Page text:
To Start With
Whenever you are connecting to a site via HTTPS, the complete session is encrypted and all the application data is sent over a secured encrypted channel.
HTTPS (Hypertext Transfer Protocol Secure) is not a protocol in itself but the SSL/TLS protocol tied on top of HTTP protocol. So basically, Transport Layer Security (TLS) and Secure Socket Layer (SSL) are the protocols which provide secure communication over the internet between the client and the server.
But how does this all work? From the moment you type https://www.example.com and it downloads the website for you, there are plenty of operations going in the background.
Before we proceed, let’s discuss why we need a secure channel and which key concepts are involved here.
Consider a scenario where Alice wants to perform an online transaction with Bob and she is sharing her credit card information with Bob. So her main worries would be:-
- Confidentiality/Privacy: Whatever information Alice shares with Bob, she wants to keep it private and confidential and safe from any eavesdropper.
- Authentication: Alice also wants to make sure that whatever information she wants to share with Bob is actually shared with Bob and not with an imposter acting as Bob.
- Message Integrity: The other point is that the message which Alice has sent to Bob should reach Bob without being altered on the way. Payment of Rs.500 shouldn’t become payment of Rs.5000 when it reaches Bob.
There are various cryptographic algorithms and terms needed to understand these key concepts in an SSL session. We will look at those pieces briefly one by one and then join them together to form the complete protocol.
The process of converting a plaintext message into a ciphertext message (non-readable format) with the help of secret key is called encryption and converting ciphertext to plaintext is called decryption. This ciphertext message is meaningless to any eavesdropper without the key for decryption.
This helps to achieve the confidentiality of the message sent from Alice to Bob. There are two ways commonly used for encryption: Asymmetric and Symmetric. In asymmetric, two different keys are used for the process while in symmetric encryption, both parties use the same key.
Here, Alice and Bob both use the same private key to encrypt and decrypt the message and any eavesdropper without the access to the key, can’t read the original message.
E Secret Key (Plaintext) = Ciphertext
D Secret Key (Ciphertext) = Plaintext
Public Key Cryptography/Asymmetric Encryption
This makes use of pair of keys, public key and a private key. Alice would use Bob’s public key to encrypt the message, which can only be decrypted by Bob’s private key. Even though Bob’s public key is accessible to everyone, no one except Bob can decrypt the message without the private key. Hence Alice can be sure that message would only be read by Bob.
E Public Key (Plaintext) = CipherText
D Private Key (CipherText) = Plaintext
Key Exchange Algorithms
As we have seen in the description above, the whole secret lies in the private key. So how would Alice and Bob share the private keys? For symmetric encryption, the private key needs to be shared between both the communicating parties and, to achieve that, various key exchange algorithms have come into the picture, such as Diffie Hellman and RSA. They use public key cryptography (asymmetric key) to share the secret private key.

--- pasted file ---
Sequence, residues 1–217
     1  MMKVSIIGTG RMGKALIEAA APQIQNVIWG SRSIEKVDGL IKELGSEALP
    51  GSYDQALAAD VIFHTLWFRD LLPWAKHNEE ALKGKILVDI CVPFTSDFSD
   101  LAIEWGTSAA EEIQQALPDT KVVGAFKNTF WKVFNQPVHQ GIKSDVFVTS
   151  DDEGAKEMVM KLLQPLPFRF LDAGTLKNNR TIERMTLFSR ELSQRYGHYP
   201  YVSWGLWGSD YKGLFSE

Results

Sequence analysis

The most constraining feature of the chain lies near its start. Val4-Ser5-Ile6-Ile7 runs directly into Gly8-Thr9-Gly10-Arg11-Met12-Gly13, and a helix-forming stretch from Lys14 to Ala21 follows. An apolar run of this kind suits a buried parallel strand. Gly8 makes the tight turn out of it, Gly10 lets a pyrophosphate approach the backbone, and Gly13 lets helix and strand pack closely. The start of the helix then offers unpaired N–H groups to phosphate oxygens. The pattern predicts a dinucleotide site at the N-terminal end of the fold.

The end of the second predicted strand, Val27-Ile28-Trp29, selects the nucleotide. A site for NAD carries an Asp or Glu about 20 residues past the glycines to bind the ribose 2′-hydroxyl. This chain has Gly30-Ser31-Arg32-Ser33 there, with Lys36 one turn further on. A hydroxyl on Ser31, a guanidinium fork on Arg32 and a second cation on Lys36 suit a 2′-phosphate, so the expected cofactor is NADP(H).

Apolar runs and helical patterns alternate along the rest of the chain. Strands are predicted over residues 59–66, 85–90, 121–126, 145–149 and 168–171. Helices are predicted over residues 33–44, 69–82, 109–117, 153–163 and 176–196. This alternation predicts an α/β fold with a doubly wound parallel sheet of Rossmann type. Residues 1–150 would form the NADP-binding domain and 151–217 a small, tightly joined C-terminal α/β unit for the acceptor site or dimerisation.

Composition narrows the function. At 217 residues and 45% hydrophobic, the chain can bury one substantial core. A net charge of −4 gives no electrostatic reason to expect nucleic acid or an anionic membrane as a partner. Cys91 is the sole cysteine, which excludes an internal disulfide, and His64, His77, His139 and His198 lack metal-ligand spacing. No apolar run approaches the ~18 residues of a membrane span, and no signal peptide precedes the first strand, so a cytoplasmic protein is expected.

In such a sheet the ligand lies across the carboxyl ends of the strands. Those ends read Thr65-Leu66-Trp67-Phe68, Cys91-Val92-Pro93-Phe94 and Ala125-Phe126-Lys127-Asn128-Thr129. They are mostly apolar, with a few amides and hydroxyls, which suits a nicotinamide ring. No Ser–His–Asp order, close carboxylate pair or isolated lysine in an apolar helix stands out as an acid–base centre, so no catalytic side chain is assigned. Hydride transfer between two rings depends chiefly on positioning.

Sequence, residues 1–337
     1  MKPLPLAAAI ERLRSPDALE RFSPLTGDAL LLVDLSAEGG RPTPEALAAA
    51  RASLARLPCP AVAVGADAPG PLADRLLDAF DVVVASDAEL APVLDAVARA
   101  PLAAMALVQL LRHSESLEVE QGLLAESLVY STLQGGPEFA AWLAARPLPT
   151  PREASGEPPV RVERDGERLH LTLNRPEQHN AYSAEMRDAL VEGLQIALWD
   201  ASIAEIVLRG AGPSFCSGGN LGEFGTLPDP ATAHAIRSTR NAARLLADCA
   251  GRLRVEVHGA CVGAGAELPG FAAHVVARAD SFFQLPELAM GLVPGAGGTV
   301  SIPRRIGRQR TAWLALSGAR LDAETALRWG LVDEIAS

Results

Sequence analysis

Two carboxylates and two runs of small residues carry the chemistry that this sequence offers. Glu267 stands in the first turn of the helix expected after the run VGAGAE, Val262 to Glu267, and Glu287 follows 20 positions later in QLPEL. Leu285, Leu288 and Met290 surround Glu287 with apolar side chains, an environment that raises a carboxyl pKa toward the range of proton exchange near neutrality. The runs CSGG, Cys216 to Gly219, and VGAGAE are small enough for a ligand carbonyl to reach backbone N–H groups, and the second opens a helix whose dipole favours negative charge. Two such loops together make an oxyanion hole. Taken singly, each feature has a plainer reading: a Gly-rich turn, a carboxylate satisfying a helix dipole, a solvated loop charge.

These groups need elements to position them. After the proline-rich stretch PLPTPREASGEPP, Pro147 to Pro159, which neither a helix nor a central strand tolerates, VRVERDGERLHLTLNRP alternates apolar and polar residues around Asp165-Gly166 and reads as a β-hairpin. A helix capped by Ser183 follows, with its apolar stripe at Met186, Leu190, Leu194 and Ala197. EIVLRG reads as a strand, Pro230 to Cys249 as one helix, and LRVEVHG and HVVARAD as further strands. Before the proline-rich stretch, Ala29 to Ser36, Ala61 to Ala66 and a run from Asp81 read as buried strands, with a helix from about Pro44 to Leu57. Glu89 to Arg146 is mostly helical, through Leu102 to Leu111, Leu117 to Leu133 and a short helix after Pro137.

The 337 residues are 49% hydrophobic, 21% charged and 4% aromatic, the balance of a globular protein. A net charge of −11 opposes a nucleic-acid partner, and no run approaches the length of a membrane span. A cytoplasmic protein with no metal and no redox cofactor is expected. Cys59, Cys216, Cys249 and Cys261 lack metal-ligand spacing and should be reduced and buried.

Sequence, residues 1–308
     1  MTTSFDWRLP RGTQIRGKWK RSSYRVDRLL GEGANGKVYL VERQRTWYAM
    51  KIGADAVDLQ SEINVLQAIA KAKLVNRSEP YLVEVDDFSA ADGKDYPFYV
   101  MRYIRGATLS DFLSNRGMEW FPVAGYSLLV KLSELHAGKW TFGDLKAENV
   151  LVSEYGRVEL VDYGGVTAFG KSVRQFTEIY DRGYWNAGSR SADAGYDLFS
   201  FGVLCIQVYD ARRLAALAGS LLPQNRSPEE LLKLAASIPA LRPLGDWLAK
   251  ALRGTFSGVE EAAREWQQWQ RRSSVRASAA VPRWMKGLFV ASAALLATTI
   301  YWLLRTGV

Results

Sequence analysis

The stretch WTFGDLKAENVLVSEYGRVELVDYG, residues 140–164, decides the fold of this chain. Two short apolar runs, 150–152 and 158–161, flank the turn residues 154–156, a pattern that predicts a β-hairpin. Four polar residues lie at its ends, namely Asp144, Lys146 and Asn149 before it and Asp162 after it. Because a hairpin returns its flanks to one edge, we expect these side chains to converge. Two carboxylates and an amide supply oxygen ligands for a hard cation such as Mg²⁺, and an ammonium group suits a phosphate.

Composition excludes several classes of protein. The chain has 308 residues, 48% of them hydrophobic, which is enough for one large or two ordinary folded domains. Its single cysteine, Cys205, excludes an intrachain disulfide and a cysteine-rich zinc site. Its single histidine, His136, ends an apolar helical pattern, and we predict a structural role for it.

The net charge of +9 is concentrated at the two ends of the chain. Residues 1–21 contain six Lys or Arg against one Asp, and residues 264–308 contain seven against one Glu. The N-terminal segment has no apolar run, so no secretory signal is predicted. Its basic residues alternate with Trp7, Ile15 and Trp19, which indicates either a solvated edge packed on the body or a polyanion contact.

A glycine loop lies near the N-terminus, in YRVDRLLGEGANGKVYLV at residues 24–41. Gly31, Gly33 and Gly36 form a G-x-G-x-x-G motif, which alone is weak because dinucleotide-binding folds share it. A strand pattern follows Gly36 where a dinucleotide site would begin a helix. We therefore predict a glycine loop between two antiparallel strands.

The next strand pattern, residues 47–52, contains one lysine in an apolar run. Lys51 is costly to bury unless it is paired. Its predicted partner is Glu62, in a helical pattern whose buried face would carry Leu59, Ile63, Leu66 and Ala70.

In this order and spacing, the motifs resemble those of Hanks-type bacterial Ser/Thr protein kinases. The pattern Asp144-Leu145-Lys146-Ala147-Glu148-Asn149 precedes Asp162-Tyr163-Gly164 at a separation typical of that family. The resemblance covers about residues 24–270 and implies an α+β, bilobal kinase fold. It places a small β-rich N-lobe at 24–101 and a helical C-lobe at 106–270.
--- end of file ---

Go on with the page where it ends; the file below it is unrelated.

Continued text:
Here, the secret key is encrypted by Alice, using Bob’s public key, and sent to Bob. Bob then decrypts this using his private key and gets the secret key.
Now, to use Bob’s public key, Alice should be aware of the Bob’s public key. The problem now is how to discover other’s public key. The solution here is Bob’s digital certificate, which contains information about him and his public key. When Alice contacts Bob for the first time, the certificate would be downloaded by Alice’s browser and the browser will extract the public key.
Sample certificate for facebook.com looks like:
And the public key can be found in the details:
The next problem is to determine that the public key and the certificate belong to the user they claim to belong to. To solve this problem, the cryptography world has PKI (Public Key Infrastructure), which is a collection of people, policies, software, and hardware to manage everything related to digital certificates. They certify the association of a public key with the domain and its owner. There are various key components such as the Certification Authority (CA), Validation Authority (VA), Registration Authority (RA), etc., involved in this process.
Certification Authority (CA)
CA’s are basically the third-party authorities which are trusted both by Alice and Bob (i.e., by the owner and the user). CA’s bind the public key to the owner by digitally signing the certificate with their own private key, saying that “this public key belongs to this owner, in our case Bob.” If the user (i.e., Alice), trusts the CA and can identify its authentication by its signature, it would trust Bob with its public key.
For example, if you click on the green lock beside https, you can check that the certificate is verified by VeriSign, which is a third-party authority.
Digital Signature/ Message Integrity
- Site owner would take a hash of the entire document and this hash is called message digest.
- He would encrypt this message digest with his private key. This is called his digital signature.
Digital Signature = E Private Key (Message Digest)
- He would then send the document to his clients signed with his digital signature.
- The clients receive the digital signature of the site along with the document.
- They would calculate the hash of the document received using the same hashing algorithm.
- Clients would then decrypt the digital signature with the site’s public key. After decryption, they would get the message digest sent by site owner.